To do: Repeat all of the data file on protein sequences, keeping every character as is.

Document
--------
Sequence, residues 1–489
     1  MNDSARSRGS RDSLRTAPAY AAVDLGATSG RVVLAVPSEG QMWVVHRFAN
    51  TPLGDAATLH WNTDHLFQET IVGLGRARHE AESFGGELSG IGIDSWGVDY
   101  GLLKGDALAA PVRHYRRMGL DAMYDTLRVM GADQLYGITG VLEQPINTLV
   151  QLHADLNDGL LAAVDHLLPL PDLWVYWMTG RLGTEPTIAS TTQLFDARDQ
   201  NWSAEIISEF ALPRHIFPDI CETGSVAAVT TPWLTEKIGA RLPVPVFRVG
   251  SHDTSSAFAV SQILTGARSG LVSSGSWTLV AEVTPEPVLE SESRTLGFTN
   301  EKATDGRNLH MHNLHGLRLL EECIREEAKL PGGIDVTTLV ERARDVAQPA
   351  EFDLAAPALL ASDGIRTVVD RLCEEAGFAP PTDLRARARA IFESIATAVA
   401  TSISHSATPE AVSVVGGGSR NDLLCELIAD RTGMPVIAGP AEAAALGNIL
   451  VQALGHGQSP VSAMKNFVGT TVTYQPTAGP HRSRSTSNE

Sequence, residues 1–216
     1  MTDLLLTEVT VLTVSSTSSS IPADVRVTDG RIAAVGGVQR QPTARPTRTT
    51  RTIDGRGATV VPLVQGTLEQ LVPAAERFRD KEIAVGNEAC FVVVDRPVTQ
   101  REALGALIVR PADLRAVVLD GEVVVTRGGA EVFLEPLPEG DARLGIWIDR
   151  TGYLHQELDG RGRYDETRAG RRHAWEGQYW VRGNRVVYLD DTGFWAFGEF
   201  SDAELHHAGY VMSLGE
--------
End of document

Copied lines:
Sequence, residues 1–489
     1  MNDSARSRGS RDSLRTAPAY AAVDLGATSG RVVLAVPSEG QMWVVHRFAN
    51  TPLGDAATLH WNTDHLFQET IVGLGRARHE AESFGGELSG IGIDSWGVDY
   101  GLLKGDALAA PVRHYRRMGL DAMYDTLRVM GADQLYGITG VLEQPINTLV
   151  QLHADLNDGL LAAVDHLLPL PDLWVYWMTG RLGTEPTIAS TTQLFDARDQ
   201  NWSAEIISEF ALPRHIFPDI CETGSVAAVT TPWLTEKIGA RLPVPVFRVG
   251  SHDTSSAFAV SQILTGARSG LVSSGSWTLV AEVTPEPVLE SESRTLGFTN
   301  EKATDGRNLH MHNLHGLRLL EECIREEAKL PGGIDVTTLV ERARDVAQPA
   351  EFDLAAPALL ASDGIRTVVD RLCEEAGFAP PTDLRARARA IFESIATAVA
   401  TSISHSATPE AVSVVGGGSR NDLLCELIAD RTGMPVIAGP AEAAALGNIL
   451  VQALGHGQSP VSAMKNFVGT TVTYQPTAGP HRSRSTSNE

Sequence, residues 1–216
     1  MTDLLLTEVT VLTVSSTSSS IPADVRVTDG RIAAVGGVQR QPTARPTRTT
    51  RTIDGRGATV VPLVQGTLEQ LVPAAERFRD KEIAVGNEAC FVVVDRPVTQ
   101  REALGALIVR PADLRAVVLD GEVVVTRGGA EVFLEPLPEG DARLGIWIDR
   151  TGYLHQELDG RGRYDETRAG RRHAWEGQYW VRGNRVVYLD DTGFWAFGEF
   201  SDAELHHAGY VMSLGE